GARDENA, Calif. -- If elite competition truly breeds improvement, USC targets Adoree’ Jackson and Dwight Williams had a golden opportunity to do so Friday night against defending CIF Los Angeles City Section champion Harbor City (Calif.) Narbonne.
The Class of 2014 duo from Gardena Serra embraced the challenge, knowing that facing Washington quarterback commit Troy Williams and Cal receiver commit A.J. Richardson would be for the better. Yes, Narbonne emerged with a 22-9 victory, but Jackson and Dwight Williams more than held their own, showing why they’re two of the area’s most coveted 2014 recruits.
Serra limited the dynamic Troy Williams to only 175 passing yards and one touchdown, and held Richardson to only two receptions. If there were positives to draw from the loss, it was that Narbonne’s big-name players were contained. Offensive mistakes, though, turned out to decrease Serra’s chances of upsetting the CIF State bowl-game contender.
“It shows that we can compete with anybody,” Jackson said. “It also shows how much confidence we have in each other, and that we can play. If we play like this every week, we shouldn’t lose any more.”
Dwight Williams, a linebacker who stalked Troy Williams all night, took blame for the loss.
“I feel like if I could have made a few more plays, the game would have gone the other way,” Dwight said. “I’m that type of guy -- everything is my fault. I see a loss on the scoreboard, and I think it’s my fault. If I would have made a few more plays, man, we could have won this.”
Jackson, a cornerback who matched up against Richardson throughout, did the same a few minutes later.
“We had a lot of mental mistakes and didn’t wrap up as a defense,” Jackson said. “We just didn’t make plays. I can’t blame it on anybody else. I want to blame it on myself.”
Practices leading up to the big game -- Serra pegged it as its game of the year -- were fast-paced in anticipation of Troy Williams’ multiple capabilities. Serra coach Scott Altenberg used two scout-team offenses in practices. When one went off the field, the next jumped on. The high-speed preparation paid dividends for the defense.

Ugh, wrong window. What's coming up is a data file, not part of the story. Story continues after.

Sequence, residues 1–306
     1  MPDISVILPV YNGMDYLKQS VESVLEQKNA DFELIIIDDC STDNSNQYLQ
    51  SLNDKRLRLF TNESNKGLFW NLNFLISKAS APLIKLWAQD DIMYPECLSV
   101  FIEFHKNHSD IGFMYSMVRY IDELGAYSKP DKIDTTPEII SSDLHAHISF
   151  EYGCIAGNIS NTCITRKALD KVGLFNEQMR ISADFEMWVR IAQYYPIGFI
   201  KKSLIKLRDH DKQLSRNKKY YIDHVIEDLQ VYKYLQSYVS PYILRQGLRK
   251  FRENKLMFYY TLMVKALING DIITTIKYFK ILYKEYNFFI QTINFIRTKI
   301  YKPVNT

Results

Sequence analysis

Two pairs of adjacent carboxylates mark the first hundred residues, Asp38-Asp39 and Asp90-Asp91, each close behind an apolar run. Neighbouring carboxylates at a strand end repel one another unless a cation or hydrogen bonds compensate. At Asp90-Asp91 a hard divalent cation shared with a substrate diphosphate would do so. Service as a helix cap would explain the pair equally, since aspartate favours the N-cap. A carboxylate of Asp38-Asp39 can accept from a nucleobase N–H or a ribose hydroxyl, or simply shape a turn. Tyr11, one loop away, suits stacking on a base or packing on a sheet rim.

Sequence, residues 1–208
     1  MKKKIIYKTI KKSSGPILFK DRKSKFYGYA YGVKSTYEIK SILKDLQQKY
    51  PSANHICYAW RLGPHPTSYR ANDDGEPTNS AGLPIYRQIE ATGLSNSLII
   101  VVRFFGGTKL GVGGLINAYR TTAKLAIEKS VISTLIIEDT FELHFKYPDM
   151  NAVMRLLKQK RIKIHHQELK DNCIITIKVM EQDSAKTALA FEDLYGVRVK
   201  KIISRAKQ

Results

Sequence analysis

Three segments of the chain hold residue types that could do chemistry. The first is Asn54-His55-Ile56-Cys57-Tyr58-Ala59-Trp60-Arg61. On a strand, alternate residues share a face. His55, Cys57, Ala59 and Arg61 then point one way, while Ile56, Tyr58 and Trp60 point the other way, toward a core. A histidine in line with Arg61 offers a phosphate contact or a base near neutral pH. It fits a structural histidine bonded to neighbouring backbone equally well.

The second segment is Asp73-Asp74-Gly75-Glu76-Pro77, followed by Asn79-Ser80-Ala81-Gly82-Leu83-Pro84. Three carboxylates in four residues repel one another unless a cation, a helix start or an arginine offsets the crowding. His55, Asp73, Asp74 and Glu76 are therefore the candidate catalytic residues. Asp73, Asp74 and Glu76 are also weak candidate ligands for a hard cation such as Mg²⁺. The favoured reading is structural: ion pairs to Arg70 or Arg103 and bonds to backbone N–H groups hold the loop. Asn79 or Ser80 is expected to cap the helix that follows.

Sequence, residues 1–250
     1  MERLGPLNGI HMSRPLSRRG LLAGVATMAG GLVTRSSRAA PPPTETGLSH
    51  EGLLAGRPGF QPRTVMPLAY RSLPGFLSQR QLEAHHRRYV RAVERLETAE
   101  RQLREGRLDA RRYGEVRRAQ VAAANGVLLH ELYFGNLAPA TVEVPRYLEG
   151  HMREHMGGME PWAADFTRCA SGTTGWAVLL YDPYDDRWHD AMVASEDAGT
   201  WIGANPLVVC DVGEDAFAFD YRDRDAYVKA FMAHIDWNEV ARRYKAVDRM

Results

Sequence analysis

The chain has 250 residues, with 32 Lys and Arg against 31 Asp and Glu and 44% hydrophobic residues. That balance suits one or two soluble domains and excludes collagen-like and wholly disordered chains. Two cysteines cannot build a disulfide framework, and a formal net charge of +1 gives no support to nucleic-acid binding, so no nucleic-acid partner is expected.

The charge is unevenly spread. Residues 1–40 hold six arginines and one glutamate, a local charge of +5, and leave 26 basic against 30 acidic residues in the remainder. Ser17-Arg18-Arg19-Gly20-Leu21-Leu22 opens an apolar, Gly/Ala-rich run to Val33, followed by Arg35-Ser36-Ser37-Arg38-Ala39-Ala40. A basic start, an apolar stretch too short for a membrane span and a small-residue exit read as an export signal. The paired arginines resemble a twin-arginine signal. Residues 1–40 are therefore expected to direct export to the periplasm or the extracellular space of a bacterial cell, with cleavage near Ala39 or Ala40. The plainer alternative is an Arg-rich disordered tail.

“We knew they make big plays on offense,” said Jackson, who played on both sides of the ball and wore a pair of Trojans gloves Friday. “What we wanted to do was make them drive. We’ve seen them on film -- a lot of teams didn’t make them drive and just took big plays. We wanted to give them hard yards. It worked out for us, actually.”
Both Jackson and Dwight Williams made it to the Coliseum on Saturday for the Cal-USC game. Dwight Williams said he has established a great relationship with a USC position coach.
“I’ve been talking to Coach (Scottie) Hazelton a lot,” Dwight Williams said. “I talk to him so much that I know all that is going on right now.”
Though Colorado, Oregon State and UCLA have been the only schools to offer scholarships, Dwight Williams is open to any coach that contacts him. He said USC could be close to offering.
“I don’t have any top schools right now, I’m open to anybody,” he said. “But UCLA, being from California, they’re still up there.”
Jackson said his recruitment has slowed down since the season started, but has a “real nice connection” with a number of current Trojans.
“It’s nice to have them around to talk to,” Jackson said.
They might have lost to Narbonne, but Dwight Williams and Jackson learned something valuable.
“I’ve got to work harder and keep getting better and better,” Williams said. “No more losses, definitely.”
Said Jackson: “I expect us to win CIF.”